As cute as hamsters are, it’s a bit of a challenge to get them to trust you. Hamsters are prey by nature, which makes them wary of any animal larger in size, and that includes you.
The most important factor in training your hamster to trust you is to be patient. It doesn’t happen very often that you get a new pet and find them completely at ease momentarily. It takes time, effort and willingness to build a bond with your hamster.
That said, learning how to make your hamster trust you is a super rewarding experience. The tiny fluffy cuties can bring so much joy to your home and become your best friends! So let’s get right to the steps of making your hamster trust you.
Get the Hamster Used to Your Presence
The first step in getting your hamster used to their surroundings should include you being part of the environment. You can do that by simply standing or sitting next to the enclosure for several minutes at a time.
You don’t have to make any movements or loud sounds for the hamster to notice you. Even if they’re hiding, they can feel your presence right outside. It does help to speak to them softly, though, so they don’t feel threatened by you.
Establish a Routine with Your Hamster
Spending time with your hamster when you get them can help them feel at ease around you later on. You can do this by creating a daily routine where you’re working, playing, or just existing around your hamster so they can get used to you.
Spend an hour or so in the evening reading a book, studying, or even playing with your phone next to your hamster’s enclosure. At first, they might be shy or intimidated, hiding away out of sight. After a while, they’ll feel more comfortable coming out, and may even sniff you around to find out who or what you are.
Familiarize the Hamster with Your Scent
Hamsters are nocturnal animals with modest eyesight, so they have a keen sense of smell to help them make their way through the dark. They also increase their awareness of their environment through scent and getting to know your scent helps them get to know you.
You can familiarize your hamster with your smell by putting your hand in the enclosure and not moving it at all. They’ll likely smell it from afar and some curious ones might climb over it.
Just keep in mind that some aggressive hamsters might get defensive and bite your hand. To avoid that, you can familiarize them with your scent by rubbing a piece of cloth or tissue paper on your body and leaving it in the enclosure. Soon enough, they’ll associate the smell with you.
All pets, large and small, love treats. In fact, treats are a great way of training your hamster to trust you and associate you with food and pleasurable experiences.
You can put a treat in your palm and place your hand inside the enclosure, if they take it, repeat the drill until they trust you enough to hold or pet them. If they ignore the treat, they might be a little scared or stressed out.
Try to offer healthy treats, like small pieces of vegetables. You can also use the hamster’s seed mix as the treat in question to avoid them gaining too much weight.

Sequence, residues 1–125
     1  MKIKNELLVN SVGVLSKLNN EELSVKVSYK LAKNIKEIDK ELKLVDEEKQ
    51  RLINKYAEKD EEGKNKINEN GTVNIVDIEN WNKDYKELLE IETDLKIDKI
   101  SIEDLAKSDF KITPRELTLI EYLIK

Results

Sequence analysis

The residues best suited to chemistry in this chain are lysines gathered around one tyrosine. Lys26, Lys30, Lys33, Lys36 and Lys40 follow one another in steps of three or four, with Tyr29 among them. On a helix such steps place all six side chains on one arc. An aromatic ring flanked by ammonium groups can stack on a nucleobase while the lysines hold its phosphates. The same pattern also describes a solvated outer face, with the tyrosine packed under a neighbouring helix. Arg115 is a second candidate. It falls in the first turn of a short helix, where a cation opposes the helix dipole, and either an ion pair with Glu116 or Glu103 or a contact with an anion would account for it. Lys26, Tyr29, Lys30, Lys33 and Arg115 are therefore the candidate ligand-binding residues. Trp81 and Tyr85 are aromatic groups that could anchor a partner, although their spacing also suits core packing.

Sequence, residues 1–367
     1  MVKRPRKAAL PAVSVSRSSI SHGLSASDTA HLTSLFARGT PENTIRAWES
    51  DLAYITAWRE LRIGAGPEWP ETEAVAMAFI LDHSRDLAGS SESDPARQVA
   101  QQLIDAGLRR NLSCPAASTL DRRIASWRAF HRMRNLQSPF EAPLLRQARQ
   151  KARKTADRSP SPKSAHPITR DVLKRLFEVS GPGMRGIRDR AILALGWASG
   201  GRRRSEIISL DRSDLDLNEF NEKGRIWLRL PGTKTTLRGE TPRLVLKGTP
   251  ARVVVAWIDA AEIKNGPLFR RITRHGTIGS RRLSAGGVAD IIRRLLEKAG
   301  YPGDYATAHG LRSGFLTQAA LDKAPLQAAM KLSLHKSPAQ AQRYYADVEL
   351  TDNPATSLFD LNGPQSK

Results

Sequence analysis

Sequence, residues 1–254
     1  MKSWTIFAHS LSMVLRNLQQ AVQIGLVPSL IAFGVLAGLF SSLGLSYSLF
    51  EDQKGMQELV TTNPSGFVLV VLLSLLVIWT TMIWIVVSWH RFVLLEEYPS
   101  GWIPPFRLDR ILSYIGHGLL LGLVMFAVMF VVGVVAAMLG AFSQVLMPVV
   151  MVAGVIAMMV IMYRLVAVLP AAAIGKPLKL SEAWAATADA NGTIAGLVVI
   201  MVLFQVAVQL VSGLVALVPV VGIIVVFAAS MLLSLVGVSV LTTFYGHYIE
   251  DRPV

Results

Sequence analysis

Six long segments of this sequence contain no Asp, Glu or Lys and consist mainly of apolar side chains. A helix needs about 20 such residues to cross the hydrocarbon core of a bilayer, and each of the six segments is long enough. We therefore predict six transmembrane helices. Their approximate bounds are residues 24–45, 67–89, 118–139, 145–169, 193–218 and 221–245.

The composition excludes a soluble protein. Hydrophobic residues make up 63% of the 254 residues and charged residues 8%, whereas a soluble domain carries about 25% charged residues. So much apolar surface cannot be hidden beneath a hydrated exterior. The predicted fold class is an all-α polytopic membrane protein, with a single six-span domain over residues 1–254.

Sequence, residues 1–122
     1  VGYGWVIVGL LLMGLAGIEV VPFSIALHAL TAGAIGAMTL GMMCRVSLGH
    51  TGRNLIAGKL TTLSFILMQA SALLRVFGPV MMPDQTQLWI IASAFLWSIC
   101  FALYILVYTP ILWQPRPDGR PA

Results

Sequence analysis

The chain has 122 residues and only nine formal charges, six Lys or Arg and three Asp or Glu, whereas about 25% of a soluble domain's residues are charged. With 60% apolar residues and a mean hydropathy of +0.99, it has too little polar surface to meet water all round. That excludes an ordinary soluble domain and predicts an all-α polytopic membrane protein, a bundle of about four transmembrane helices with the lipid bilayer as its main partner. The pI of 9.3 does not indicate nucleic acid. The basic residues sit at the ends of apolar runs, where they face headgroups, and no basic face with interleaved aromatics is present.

If you find that your hamster sticks around after you feed them the treat, they probably like you!
Use a Cup to Hold Your Hamster
The experience of being picked up for an animal so small is pretty terrifying. You should be aware of your hamster’s instinct to fear anything much larger than they are. This is especially true in the wild, where the only time a hamster is picked up, it’s to be another animal’s dinner.
That’s why you should try to get them used to the sensation in a non-threatening way. Offer them a mug or a glass measuring cup as a makeshift “elevator” to hold them outside of their enclosure. They should hop right in if they understand that’s their only way out.
This step should also make them better prepared for being picked up by hand later on without fear.
Offer Free Roaming Time
Happy hamsters are inquisitive little creatures that like to see the world around them. After prepping an area that’s both safe and comfortable for your hamster to roam free, you can take them out for a break so they can explore your home.
You can also sit around and allow them to “explore” you, as well. They can climb, hop, and sniff your hands, arms, and legs, making them more at ease with both you and your home.
In the designated room, make sure there are no tight corners that are out of reach, close all the windows and doors, and try a dimmer switch for your lights so it’s not too bright for their eyes.
At the end of the free-roaming time, they can allow you to pick them up by hand and put them back inside their enclosure.
Pet and Hold Your Hamster
Once your hamster has enough courage to hop on and off your hand, you can start playing with them and petting them. This process can take a few days, weeks, or even months before your hamster feels comfortable enough to just go for it.
Keep in mind that not all hamsters enjoy the same amount of physical contact with humans. While some love the attention, others can very well do without it.
You should also know that some hamsters can survive and thrive with zero human contact. They’ll spend most of their time hidden away inside their enclosure, only coming out at night for food and exercise. This isn’t for any fault of your own, just the nature of this particular hamster.